Chapter 15 of the Bankruptcy Code – the Code’s “cross-border” provision – was enacted in 2005 to protect US-based assets and preserve US-based claims for administration overseas whenever a foreign debtor finds itself in insolvency proceedings outside the US. Though many of Chapter 15’s “core” concepts are the same as those that existed under prior US cross-border bankruptcy law, some significant differences exist.
A recent decision by Nevada Bankruptcy Court Judge (and UNLV Law School professor) Bruce Markell highlights an important one of those differences.
The facts presented to Judge Markell in In re Betcorp Limited (In Liduiqdation) were straightforward: Betcorp was an Australian-based on-line betting operation whose customers were located in the US. From about 2002 through 2006, the company grew its operations into a purported “one-stop shop” for on-line gamblers. In the process, it allegedly infringed on an Interenet data-transmission technology patent held by US-based 1st Technology LLC. Despite threats of litigation and offers to settle, Betcorp and 1st Technology could never come to terms.
Meanwhile, Betcorp’s business was effectively terminated in late 2006 when the US enacted the Unlawful Internet Gambling Enforcement Act (31 U.S.C. §§ 5361-67) and effectively cut off the company’s gambling revenues from its US customers. At an extraordinary directors’ meeting the following year, the company appointed two Australian liquidators and began a voluntary “winding up” under Australian insolvency law.
A voluntary “winding up” is essentially a private liquidation authorized by the Australian Corporations Act, conducted by company-retained liquidators under the auspices of the Australian Securities & Investments Commission (ASIC) and reviewable on appeal by Australian courts. It has statutory analogues in most countries whose civil law derives from the old British Commonwealth system, and is very generally anlogous to an American “assignment for the benefit of creditors” (ABC). ABC’s are recognized under the laws of virtually every state in the US, and – in California – are commonly used as a very quick and inexpensive means of winding up a company’s affairs and disposing of its assets.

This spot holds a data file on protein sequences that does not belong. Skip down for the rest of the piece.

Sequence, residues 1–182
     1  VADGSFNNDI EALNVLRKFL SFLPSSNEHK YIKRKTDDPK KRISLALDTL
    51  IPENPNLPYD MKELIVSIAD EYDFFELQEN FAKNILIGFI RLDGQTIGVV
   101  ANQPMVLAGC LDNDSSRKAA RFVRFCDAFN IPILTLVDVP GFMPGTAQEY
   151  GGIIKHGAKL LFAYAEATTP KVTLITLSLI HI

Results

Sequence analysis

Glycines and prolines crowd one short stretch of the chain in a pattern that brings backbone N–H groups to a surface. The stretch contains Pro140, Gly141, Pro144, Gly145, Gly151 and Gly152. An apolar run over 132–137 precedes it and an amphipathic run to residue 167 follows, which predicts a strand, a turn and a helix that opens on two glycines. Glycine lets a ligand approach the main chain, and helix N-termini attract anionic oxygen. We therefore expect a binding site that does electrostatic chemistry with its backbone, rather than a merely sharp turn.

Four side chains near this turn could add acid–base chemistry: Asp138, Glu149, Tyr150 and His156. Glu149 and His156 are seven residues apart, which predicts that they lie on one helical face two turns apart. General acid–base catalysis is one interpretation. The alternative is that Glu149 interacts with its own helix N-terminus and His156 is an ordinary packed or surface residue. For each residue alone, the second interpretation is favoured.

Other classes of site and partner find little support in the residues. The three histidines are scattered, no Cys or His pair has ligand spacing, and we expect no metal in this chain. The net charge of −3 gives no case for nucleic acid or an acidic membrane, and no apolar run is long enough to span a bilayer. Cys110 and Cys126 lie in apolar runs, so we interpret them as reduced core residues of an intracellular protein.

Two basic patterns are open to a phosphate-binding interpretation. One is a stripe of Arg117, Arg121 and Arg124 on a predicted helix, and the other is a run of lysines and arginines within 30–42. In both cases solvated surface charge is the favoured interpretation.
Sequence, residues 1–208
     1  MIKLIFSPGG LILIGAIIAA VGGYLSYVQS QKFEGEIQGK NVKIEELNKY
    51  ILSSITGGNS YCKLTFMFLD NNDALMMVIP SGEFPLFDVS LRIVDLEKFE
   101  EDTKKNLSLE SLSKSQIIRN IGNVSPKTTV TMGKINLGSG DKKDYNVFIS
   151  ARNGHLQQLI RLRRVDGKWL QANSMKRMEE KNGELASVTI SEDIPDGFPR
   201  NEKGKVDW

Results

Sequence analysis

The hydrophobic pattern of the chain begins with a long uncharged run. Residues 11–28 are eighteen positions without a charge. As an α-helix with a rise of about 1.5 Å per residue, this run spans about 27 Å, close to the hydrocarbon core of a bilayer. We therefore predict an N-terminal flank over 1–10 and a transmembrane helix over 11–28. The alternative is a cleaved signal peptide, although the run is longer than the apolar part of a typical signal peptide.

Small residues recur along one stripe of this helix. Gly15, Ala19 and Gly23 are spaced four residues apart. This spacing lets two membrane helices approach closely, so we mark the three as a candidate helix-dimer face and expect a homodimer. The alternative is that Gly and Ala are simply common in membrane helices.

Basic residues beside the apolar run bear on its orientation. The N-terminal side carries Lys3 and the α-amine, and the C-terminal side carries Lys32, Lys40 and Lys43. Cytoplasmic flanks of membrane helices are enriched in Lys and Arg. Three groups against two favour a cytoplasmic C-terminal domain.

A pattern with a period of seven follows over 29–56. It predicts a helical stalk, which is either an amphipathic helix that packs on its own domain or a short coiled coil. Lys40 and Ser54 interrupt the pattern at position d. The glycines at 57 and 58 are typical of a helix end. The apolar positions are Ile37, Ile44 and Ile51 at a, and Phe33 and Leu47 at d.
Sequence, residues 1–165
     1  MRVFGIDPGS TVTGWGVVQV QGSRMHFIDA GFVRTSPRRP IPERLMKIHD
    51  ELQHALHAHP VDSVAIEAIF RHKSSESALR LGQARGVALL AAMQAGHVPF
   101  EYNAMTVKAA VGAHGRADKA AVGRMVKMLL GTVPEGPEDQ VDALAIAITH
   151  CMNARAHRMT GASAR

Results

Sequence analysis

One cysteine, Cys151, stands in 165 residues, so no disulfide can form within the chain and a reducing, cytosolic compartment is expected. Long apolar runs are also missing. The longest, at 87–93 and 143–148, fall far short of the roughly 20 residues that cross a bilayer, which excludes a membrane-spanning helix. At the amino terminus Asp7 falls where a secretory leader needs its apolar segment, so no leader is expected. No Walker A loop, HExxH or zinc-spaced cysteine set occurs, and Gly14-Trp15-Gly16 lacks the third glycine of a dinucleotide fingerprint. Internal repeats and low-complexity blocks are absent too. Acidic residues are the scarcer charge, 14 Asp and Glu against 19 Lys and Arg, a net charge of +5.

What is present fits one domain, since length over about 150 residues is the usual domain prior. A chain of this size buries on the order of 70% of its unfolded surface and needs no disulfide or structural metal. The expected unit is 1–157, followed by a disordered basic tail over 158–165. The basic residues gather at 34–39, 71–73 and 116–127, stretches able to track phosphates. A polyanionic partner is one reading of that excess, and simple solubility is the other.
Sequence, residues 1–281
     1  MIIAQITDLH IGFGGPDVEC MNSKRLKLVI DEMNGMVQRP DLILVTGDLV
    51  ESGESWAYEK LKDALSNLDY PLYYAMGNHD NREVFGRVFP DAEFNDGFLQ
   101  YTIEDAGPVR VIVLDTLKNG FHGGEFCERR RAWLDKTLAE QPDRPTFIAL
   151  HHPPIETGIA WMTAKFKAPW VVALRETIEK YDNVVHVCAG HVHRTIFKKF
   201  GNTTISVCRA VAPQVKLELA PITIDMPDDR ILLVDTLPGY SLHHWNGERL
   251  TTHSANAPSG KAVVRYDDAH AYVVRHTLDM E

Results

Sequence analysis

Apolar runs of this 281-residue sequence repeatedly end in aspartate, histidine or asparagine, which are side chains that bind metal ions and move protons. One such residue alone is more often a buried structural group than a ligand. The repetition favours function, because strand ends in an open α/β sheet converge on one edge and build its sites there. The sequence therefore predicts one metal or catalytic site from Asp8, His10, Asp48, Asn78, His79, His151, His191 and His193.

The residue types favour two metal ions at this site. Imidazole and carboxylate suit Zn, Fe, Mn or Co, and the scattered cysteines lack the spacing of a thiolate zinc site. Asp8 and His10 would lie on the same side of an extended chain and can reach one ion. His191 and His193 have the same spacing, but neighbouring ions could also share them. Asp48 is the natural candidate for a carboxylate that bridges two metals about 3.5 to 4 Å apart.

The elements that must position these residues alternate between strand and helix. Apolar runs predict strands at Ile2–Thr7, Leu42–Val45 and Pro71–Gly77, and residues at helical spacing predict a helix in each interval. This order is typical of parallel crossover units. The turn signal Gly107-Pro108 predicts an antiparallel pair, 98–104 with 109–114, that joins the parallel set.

Undeterred by Betcorp’s Australian winding up, 1st Technology commenced a patent infringement action against Betcorp in Nevada’s US District Court. After further, unsuccessful efforts to amicably resolve the infringement claims, the liquidators sought recognition under Chapter 15 to administer the dispute through the Australian winding-up process. 1st Technology disputed the request, arguing that Betcorp’s (essentially) private “winding up” was not a “foreign proceeding” to which Chapter 15 relief applies.
In a 39-page decision, available here, Judge Markell granted recogntion to the liquidators. To do so, he gave extensive discussion to the establishment of Australia as Betcorp’s “center of main interests” (COMI) – an important element in gaining relief under Chapter 15 and the subject of a number of prior, published decisions in the US. Of interest for this post, however, Judge Markell also delved into the amended meaning of the term “foreign proceeding.”
What is a “foreign proceeding” under the amended Bankruptcy Code? Judge Markell devoted nearly 15 pages – over half his analysis – to spell it out, applying a seven-part test to address this question of apparent first impression . . . and finding, in the end, that Betcorp’s private “winding up” met the test.
Judge Markell was not writing purely to satisfy his own intellectual interest. The definition of a “foreign proceeding” is a potentially critical one for international insolvency lawyers looking to strategize the preservation of assets and admnistration of claims in a multi-national case. It is noteworthy that the Bankruptcy Court for the Southern District of New York came to exactly the opposite conclusion under prior US law about a nearly identical “voluntary winding up” proceeding, this one in Hong Kong (like Australia, a former Commonwealth jurisdiction with roots in the British civil law system). That court’s decision – In re Tam – is located at 170 B.R. 838 (Bankr. S.D.N.Y. 1994).
Judge Markell’s decision suggests that at least some private liquidations in some foreign jurisdictions are now entitled to the very same level of recognition and protection in the US as are more formal, judicial insolvency proceedings. If this conclusion bears out, it permits foreign debtors the potential ability to use such liquidations to exert far greater control over the disposition of US-based assets and resolution of US-based claims than was available under former US law.